While the benefits of customer loyalty are generally well understood, this article will illustrate the process and tools to earn true loyalty—the kind of loyalty fueled in the heart through positive, emotional interactions with others.

In a general sense, loyalty can increase from a variety of positive customer interactions. But our research and engagements over the past twenty-five years, combined with the knowledge and expertise of our clients, colleagues, and friends, have shown that real loyalty can only be realized through the synergistic interplay of what we call the Three Core Loyalty Principles. These principles are put into practice by first adopting the Loyalty Leader Mindset and then enacting the key behaviors tied to each loyalty principle.

Our mindset relative to loyalty is profoundly influenced by our understanding of the answers to these questions:

  • Do you believe loyalty is essential to your success?
  • Who do you feel is most responsible for creating loyalty?
  • How can you earn loyalty from your customers and colleagues?

The Loyalty Leader mindset can be encapsulated in a single statement or belief: I earn the loyalty of others by having empathy for them, taking responsibility for their needs, and being generous.

How to Earn the Loyalty of Your Colleagues and Customers

Principles rule the world. Gravity is a principle that works on us whether we like it or not. Even if we choose not to believe in it and jump off a building, we’ll still fall. In the same way, principles apply to everybody, regardless of our background, our life experience, or our beliefs. Principles also rule our relationships with people. If we ignore or violate those principles, we will fail.

The Three Core Loyalty Principles for earning loyalty in any relationship are:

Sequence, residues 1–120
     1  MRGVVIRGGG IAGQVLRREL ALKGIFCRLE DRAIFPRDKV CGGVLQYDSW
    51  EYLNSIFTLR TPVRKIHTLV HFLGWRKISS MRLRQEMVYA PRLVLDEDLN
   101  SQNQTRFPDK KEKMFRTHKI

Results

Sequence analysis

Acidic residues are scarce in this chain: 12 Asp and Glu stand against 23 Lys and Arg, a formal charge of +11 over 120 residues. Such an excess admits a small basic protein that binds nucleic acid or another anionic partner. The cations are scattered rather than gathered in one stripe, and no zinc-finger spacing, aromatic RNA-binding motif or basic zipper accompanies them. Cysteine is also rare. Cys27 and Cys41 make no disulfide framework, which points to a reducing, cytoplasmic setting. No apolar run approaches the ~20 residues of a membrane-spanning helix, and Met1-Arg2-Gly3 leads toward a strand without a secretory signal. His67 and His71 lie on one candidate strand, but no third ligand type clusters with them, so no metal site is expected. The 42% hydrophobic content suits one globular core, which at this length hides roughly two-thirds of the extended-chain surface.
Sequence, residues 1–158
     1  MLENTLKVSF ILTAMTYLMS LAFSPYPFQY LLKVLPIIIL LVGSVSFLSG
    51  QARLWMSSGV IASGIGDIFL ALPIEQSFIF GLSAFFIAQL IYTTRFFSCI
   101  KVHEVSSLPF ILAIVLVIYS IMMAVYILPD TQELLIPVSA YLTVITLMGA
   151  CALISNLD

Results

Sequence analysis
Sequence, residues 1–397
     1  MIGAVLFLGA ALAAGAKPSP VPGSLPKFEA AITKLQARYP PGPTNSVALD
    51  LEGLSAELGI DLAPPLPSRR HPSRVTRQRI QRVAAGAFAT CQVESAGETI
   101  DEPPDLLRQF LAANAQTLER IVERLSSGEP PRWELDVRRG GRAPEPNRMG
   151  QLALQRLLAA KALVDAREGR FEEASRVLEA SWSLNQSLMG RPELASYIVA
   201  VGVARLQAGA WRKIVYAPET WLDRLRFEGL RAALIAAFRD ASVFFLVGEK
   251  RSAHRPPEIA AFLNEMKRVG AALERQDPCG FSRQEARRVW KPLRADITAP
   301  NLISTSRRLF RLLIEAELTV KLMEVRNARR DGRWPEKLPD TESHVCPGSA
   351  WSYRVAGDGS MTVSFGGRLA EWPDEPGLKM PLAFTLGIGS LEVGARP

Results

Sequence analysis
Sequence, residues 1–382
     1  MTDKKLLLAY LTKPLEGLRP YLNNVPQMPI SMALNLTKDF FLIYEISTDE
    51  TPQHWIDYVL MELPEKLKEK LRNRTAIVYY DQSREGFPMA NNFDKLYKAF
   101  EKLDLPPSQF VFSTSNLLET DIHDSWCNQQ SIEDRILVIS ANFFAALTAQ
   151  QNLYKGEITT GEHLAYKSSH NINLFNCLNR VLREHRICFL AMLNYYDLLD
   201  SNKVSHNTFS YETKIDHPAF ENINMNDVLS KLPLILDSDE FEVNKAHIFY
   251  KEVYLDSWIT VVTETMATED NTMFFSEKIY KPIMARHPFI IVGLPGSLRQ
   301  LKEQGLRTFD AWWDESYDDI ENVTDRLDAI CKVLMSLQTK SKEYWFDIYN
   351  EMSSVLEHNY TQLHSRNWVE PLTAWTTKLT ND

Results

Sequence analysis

• Empathy
  • Responsibility
  • Generosity

True loyalty is the natural consequence of principled behavior. Principled behavior awakens loyalty much more effectively than reward points or promotions. Through our research, we’ve found that customers and employees are loyal to organizations and people who show empathy for them, take responsibility for their work, and act generously. These are not just techniques—they are behaviors that can be learned and adopted by anyone in your organization.  

Loyalty Principle 1: Empathy To show empathy, we need to practice these key behaviors:

  • Make a genuine human connection with people.
  • Listen to learn their hidden story.

Loyalty Principle 2: Responsibility To take responsibility, we need to practice these key behaviors:

  • Discover the real job to be done (others’ goals).
  • Follow up to strengthen the relationship.

Loyalty Principle 3: Generosity To be generous with other people, we need to practice these key behaviors:

  • Share insights openly to help others win.
  • Surprise them with unexpected extras.

Regardless of where you work, you have customers, and the loyalty of your customers defines your success.

Fred Reichheld, Bain Fellow and founder of Bain & Company’s Loyalty practice, has made a strong case for loyalty and its powerful impact on growth and bottom-line results. Our contribution to this topic comes by examining the specific underlying principles that drive loyalty, enabling companies to crack the code to customer devotion. These principles are both timeless and universal.

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Sandy Rogers

Sandy Rogers is the leader of FranklinCovey’s Loyalty Practice. He was previously senior vice president at Enterprise Rent-A-Car.